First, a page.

One of the most difficult times you can face is when the Illinois Secretary of State makes the decision to suspend or revoke your driver’s license. It can happen because of traffic violations, unpaid tickets, or even failure to make child support payments.
While a suspension has an end date, having your license revoked usually means you will never get it back. When that happens, it is important to get an IL hardship driver’s license.
What’s a Hardship License?
An Illinois hardship drivers license grants you the ability to drive to certain locations at predetermined times. Usually this means getting to and from work, getting to and from doctor’s appointments, and taking care of loved ones that need your assistance.
A hardship license, also known as a restricted driving permit, lets you continue on with your life, even though you have been restricted by the Secretary of State. However, there is a limit on the number of miles, days, and times that you can drive. Also, you do not automatically qualify for a hardship license if you have had your license suspended. There is an application process, and certain requirements that you must fulfill.
If you are looking to begin hardship license
The Application Process
To begin with, there are several requirements that you must fulfill to even be considered for a hardship license. These include:
- At least 16 years old
- Proof of medical evaluation and treatment
- Attending a hearing with a public officer
- Proof that you are not a danger to the public
- Proof of hardship
- A $50 fee
- Does not have multiple offenses for the Statutory Summary Suspension process
If you meet these requirements, you can file for a hardship license with the Illinois Secretary of State. Once you have, you will be requested to attend a hearing. It is here that you will need to establish that you are in need of a hardship license, and where a law firm will help you the most. You can request a formal, or informal hearing based on your preference, and you should expect the results of your hearing within 90 days. Also keep in mind that it could take several weeks, usually more than 15, to get your hardship license.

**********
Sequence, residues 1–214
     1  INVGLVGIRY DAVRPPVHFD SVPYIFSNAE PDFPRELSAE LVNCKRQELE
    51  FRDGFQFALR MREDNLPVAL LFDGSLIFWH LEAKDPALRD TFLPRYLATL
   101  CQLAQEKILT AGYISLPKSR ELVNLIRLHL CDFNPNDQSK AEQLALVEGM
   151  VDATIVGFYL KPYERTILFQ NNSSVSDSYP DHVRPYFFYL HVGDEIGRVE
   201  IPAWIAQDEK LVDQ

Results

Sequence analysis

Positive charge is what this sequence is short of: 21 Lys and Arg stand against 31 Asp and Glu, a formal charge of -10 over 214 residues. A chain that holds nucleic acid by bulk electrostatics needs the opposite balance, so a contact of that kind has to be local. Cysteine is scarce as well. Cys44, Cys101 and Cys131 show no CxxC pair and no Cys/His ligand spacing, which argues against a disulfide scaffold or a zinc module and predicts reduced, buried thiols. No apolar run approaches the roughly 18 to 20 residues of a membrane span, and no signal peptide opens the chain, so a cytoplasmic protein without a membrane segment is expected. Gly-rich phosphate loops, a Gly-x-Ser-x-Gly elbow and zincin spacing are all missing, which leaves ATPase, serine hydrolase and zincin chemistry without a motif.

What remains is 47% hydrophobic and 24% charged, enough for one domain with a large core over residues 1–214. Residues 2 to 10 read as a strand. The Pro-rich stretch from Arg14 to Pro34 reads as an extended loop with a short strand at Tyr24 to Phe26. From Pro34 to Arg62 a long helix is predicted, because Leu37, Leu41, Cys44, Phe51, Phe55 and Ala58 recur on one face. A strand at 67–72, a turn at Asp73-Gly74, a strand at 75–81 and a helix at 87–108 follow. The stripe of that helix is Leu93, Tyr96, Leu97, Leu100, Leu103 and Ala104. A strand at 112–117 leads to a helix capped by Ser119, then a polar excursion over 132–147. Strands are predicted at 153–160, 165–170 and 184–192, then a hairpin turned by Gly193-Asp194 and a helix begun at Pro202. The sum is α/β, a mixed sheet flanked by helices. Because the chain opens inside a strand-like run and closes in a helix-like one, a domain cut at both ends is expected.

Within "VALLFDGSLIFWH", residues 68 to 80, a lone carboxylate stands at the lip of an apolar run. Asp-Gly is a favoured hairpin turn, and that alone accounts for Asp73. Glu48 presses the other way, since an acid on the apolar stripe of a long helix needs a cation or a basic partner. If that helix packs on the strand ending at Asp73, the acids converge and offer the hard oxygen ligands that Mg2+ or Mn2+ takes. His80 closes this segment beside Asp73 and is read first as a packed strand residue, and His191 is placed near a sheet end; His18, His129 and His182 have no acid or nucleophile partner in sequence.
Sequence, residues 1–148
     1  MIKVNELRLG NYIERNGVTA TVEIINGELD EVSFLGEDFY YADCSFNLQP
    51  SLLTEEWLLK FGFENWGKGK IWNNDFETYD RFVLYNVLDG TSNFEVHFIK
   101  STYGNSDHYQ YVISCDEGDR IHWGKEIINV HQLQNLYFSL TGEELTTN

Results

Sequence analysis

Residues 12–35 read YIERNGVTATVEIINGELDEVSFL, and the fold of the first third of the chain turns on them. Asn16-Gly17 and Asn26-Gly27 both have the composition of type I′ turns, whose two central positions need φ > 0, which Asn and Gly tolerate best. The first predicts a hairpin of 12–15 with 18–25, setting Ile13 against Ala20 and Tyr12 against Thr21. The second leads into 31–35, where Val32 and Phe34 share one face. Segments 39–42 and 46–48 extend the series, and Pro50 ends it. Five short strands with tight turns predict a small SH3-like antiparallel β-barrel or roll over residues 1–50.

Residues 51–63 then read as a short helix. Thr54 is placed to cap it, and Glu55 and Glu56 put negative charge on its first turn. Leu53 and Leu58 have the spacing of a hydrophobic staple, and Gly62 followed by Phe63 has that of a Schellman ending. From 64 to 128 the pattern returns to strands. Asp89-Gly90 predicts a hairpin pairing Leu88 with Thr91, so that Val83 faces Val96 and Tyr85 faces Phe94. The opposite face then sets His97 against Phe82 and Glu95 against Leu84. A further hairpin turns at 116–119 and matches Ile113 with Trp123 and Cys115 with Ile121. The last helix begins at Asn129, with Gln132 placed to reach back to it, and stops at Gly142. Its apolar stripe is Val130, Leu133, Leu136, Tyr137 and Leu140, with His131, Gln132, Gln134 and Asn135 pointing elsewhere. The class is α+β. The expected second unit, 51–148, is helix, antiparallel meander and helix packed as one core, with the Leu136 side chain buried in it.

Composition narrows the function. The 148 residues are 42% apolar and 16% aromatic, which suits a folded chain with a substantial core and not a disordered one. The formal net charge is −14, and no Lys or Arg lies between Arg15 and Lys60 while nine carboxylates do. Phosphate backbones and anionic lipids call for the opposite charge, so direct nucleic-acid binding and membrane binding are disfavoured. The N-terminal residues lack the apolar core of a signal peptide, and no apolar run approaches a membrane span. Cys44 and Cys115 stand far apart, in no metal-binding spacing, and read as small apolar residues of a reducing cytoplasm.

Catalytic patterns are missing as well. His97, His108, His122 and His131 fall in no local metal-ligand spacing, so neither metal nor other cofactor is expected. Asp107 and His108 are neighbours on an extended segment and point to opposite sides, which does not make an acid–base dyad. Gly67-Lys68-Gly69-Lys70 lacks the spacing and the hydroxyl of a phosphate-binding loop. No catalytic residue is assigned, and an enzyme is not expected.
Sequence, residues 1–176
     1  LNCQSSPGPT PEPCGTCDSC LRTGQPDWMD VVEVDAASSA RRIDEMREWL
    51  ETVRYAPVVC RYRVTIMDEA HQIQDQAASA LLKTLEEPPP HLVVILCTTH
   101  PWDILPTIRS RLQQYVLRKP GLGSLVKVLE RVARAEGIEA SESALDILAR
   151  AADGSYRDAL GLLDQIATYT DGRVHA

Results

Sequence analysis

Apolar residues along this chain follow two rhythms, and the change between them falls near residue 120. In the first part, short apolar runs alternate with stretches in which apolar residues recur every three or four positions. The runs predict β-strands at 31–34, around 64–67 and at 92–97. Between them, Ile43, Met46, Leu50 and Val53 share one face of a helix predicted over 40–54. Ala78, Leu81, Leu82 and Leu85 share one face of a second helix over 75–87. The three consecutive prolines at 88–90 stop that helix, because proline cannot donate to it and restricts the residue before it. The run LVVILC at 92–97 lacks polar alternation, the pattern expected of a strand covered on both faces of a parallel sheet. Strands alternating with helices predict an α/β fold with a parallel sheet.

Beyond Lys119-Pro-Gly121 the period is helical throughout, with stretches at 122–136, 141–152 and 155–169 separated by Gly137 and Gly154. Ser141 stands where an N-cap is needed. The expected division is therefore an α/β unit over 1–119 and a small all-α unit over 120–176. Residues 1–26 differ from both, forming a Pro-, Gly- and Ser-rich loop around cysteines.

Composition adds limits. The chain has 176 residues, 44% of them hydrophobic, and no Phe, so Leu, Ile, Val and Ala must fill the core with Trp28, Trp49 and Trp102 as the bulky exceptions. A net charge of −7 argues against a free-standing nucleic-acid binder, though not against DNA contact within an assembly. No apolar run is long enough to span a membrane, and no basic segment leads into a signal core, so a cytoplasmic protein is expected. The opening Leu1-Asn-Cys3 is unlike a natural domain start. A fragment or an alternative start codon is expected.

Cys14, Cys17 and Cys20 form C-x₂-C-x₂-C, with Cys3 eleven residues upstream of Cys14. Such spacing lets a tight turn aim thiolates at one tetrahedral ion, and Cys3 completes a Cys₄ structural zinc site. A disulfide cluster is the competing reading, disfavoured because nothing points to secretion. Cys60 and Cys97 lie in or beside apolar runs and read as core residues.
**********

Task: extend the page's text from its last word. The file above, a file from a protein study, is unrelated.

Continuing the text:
If for some reason your application has been denied, you can apply for another hearing within 90 days from your previous hearing date. If you had an informal hearing, you can have another one after 30 days. One reason why your application can be denied is because of multiple DUI offenses. Another could be multiple denials of taking a chemical test.
Finding an accomplished attorney can help you during the process of trying to obtain a hardship license in the state of Illinois. Having a suspended or revoked license can put a lot of stress on your life, make sure you are doing what you can to get your life back together as quickly as possible.